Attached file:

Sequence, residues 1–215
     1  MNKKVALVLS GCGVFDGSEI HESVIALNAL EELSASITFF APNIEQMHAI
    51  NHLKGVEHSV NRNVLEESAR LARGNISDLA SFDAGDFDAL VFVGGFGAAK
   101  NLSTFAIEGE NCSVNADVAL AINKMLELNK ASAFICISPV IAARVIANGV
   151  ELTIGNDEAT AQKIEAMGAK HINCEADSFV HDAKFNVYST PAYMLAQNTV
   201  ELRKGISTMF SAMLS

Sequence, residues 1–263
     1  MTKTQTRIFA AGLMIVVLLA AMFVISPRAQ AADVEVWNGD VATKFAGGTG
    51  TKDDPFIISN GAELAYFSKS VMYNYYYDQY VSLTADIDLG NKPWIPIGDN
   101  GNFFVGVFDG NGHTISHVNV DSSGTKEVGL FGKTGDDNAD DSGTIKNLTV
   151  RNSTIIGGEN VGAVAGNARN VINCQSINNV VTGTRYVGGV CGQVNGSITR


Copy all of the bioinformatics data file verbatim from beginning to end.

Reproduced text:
Sequence, residues 1–215
     1  MNKKVALVLS GCGVFDGSEI HESVIALNAL EELSASITFF APNIEQMHAI
    51  NHLKGVEHSV NRNVLEESAR LARGNISDLA SFDAGDFDAL VFVGGFGAAK
   101  NLSTFAIEGE NCSVNADVAL AINKMLELNK ASAFICISPV IAARVIANGV
   151  ELTIGNDEAT AQKIEAMGAK HINCEADSFV HDAKFNVYST PAYMLAQNTV
   201  ELRKGISTMF SAMLS

Sequence, residues 1–263
     1  MTKTQTRIFA AGLMIVVLLA AMFVISPRAQ AADVEVWNGD VATKFAGGTG
    51  TKDDPFIISN GAELAYFSKS VMYNYYYDQY VSLTADIDLG NKPWIPIGDN
   101  GNFFVGVFDG NGHTISHVNV DSSGTKEVGL FGKTGDDNAD DSGTIKNLTV
   151  RNSTIIGGEN VGAVAGNARN VINCQSINNV VTGTRYVGGV CGQVNGSITR